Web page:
This is what I looked like when I was 17, at about 110, much of which was muscle, because I was in the “best” shape of my life.
I showed that picture to a friend last year, and he said “you look like you were dying.” I responded “I was.”
So much of my self-esteem was bound up in being a pretty girl, in being thin and lanky with perky tits and still able to eat whatever I wanted. When the above picture was taken, I was barely eating, and swimming several times a week. I’d just gotten out of my first serious relationship, and I learned for the first time what people mean when they say that anorexia is primarily a disease of control. Weight is something one can control when the rest of the world is chaos. And I was out of control and, yes, I look like I was dying because I was trying to gradually kill myself.
I gained weight and got somewhat healthy. I was still thin, about 120 lbs., but I wanted to lose weight. Not much. Ten pounds maybe. But I had the tiniest hint of a belly. I thought that if i could start working out again and eat better, I’d be as close to perfect as someone with tiny tits and a shitty jawline could ever be. Of course, I’d never be gorgeous but I could pass for pretty. With some work. Here’s a picture of me and my brother, dancing to “Old Time Rock And Roll” at his wedding in August 2001:
Two days after this photo was taken, I found out that my parents were getting divorced. That summer had been, frankly, horrifying and terrible (my parents’ divorce was just the latest disaster,) and I lost a shit-ton of weight again by that winter, when this photo was taken.
But I got “healthy” again. I gained weight. I was eating badly, and kinda chubby for my weight because I was so out of shape, but I was a size 6.
Around the time I turned 22, the anorexia came back with a vengeance. I went from a healthy-ish 125 (someone described me, at this point, as “fleshy”) to 105 in about six weeks. I’d gone through another bad breakup, couldn’t eat without feeling sick, and got ridiculously thin. There was a lot else that went into it; I was doing a lot of drugs and staying out all night and drinking a lot and mostly eating bran muffins from Starbucks and drinking chai. That’s where I got my calories. My shit smelled like… well, shit. Baby shit. Because I wasn’t eating enough solids, I had diarrhea all the time. I was always cold. Shivering when other people were warm.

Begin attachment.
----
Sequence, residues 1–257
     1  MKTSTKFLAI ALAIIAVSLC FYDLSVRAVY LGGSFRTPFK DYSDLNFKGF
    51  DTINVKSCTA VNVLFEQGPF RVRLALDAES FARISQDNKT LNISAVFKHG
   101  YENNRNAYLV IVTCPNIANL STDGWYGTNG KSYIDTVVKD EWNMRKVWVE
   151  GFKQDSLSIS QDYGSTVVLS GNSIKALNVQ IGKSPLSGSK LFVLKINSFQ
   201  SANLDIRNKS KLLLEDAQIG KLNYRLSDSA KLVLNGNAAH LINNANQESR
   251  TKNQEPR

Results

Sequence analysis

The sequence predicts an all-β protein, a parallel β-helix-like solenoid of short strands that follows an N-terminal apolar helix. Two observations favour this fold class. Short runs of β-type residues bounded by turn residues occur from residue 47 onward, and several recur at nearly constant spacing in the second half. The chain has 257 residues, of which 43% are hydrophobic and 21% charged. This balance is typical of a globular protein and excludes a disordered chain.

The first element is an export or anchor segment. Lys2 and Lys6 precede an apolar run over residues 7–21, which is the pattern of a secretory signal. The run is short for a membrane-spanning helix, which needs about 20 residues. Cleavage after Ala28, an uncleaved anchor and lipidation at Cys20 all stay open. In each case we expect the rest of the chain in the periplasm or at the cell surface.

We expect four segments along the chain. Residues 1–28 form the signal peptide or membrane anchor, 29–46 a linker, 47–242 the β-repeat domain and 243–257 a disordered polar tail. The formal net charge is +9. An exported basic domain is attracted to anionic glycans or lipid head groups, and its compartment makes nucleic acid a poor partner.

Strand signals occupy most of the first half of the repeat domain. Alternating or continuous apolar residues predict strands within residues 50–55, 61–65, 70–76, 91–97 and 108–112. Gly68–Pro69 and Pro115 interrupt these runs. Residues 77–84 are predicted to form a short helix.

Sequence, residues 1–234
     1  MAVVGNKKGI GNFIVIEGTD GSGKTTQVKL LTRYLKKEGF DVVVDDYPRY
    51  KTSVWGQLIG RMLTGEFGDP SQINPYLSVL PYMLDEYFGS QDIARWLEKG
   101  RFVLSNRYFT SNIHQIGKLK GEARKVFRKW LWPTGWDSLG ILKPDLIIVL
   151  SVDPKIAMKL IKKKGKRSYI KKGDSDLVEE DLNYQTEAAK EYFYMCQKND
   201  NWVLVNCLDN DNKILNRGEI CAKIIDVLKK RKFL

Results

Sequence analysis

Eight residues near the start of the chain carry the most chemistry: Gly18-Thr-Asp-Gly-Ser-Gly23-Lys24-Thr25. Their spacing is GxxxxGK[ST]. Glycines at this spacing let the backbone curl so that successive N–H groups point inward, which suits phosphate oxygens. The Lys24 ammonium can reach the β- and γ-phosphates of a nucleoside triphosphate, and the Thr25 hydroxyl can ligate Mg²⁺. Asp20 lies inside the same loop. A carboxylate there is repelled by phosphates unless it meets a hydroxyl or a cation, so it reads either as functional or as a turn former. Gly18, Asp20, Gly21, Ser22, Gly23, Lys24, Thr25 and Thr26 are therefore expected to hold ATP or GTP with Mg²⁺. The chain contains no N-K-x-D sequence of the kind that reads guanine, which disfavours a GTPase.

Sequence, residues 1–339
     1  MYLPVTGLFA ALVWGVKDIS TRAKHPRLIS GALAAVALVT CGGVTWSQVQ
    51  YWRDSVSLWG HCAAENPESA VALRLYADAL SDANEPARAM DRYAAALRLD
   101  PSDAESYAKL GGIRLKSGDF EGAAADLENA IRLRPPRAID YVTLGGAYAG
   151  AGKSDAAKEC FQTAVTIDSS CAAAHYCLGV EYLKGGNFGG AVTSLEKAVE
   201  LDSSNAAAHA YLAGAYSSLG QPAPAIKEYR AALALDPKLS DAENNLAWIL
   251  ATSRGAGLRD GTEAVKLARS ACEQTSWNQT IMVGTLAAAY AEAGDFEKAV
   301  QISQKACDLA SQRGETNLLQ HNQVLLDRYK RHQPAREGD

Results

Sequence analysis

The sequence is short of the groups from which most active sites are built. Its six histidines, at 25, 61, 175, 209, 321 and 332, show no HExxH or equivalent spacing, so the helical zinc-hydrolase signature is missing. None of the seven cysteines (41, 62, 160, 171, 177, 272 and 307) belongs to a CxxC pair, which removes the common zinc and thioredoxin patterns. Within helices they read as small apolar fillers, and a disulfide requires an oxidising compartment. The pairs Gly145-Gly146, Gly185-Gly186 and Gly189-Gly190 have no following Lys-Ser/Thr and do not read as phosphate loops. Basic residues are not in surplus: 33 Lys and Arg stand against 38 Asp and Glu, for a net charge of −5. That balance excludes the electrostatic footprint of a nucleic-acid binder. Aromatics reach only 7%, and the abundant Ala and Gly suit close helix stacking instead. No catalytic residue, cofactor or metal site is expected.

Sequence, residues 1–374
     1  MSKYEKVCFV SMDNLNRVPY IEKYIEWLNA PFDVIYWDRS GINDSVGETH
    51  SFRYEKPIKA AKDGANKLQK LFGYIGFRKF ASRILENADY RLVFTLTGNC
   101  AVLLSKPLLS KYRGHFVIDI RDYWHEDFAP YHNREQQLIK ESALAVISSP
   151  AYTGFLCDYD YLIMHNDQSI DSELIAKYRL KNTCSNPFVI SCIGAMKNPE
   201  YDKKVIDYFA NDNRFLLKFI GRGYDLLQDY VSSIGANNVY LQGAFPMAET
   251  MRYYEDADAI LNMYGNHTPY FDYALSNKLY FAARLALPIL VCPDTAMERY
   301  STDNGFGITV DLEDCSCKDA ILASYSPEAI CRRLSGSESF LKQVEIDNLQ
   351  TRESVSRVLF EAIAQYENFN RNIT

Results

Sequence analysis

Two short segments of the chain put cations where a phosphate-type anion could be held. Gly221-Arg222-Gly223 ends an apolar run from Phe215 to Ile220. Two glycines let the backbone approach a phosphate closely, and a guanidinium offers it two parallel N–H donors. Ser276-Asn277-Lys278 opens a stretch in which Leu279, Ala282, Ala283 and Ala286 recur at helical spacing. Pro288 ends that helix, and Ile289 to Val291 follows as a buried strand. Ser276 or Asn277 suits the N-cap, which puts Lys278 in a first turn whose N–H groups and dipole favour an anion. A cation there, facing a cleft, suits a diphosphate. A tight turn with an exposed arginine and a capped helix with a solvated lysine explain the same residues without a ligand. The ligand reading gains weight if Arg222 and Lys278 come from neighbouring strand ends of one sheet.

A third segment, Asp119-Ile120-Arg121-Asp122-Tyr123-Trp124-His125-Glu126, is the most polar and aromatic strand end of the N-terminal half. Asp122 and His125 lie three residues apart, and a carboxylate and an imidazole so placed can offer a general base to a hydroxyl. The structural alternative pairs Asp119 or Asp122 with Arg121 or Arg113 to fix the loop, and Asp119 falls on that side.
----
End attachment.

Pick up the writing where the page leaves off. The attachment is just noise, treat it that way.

This is the time in my life when I really wish that someone had spoken up and seen that I desperately needed help. Some people voiced concern, but many of them just stopped talking to me because I was too much drama to handle. I can’t blame them for that, looking back. Not only was I high all the time, I was sort of a bad person for awhile. And I hated myself, but I loved being thin. I knew I was hurting myself. I wanted to hurt myself.
But, of course, when I hooked up with Mike that next winter, he started force-feeding me. I got ridiculously fat!
The way my thighs kinda… blurp… down in those chubby little rolls was a great source of shame for me. I thought I was ugly and needed to start dressing like a fat old fatty because, well, look at me! I had gotten out of control!
And as the years went by, being with an abusive, alcoholic fucktard took its toll, and when we finally did break up in early 2008, I actually– gulp– was overweight. For the first time in my life. And I was goddamned horrified.
I still felt pretty, still felt desirable… but, y’know, for a fat chick. In that picture I’m probably about 170 lbs. I hadn’t weighed myself in forever, and when I first saw that number, I honestly felt like a failure. I enjoyed the big boobs, but I promised myself that I would lose weight and keep it off and never get that fat again. Over the next six months I lost 30 lbs by dancing, eating better, and not being in a relationship with an abusive, alcoholic fucktard.
So let’s skip to mid-2012. I’m living back in California, but about to move to Oregon. Life has not been swell. I had moved to SF, got dumped by my SF-dwelling boyfriend right after I moved, and then was in a car accident where I sustained a head injury and hurt my back. I was not ok. I’d had to move back to my mother’s, and I’d struggled to get medical care, got laid off from my job, and found out my mom was losing the house and I had to move again soon.
I was, once again, the heaviest I’d ever been. 180 lbs! Holy shitballs, I was wearing size 14! I no longer got skinny when I was stressed out, I ate and ate and ate. This photo was me trying to accept myself. Trying to get it under control again, but safely, smartly, with self-love and all that shit. I thought it would work this time. I resolved to swim all summer when I got back to Portland, to get actually healthy. But it didn’t go that way. Life continued to suck. My job situation remained unstable. I got up over 200 lbs.
And in September 2013, I got into another car accident, which triggered an emotional breakdown, which triggered an inpatient stay at a mental health facility, at which point I weighed 210. My boobs were, and are, HUGE. Well, huge for someone who used to have tiny bumps where other women (my mom included, even at her thinnest) had a RACK. I was always comparing myself to other people. I was always comparing myself to myself.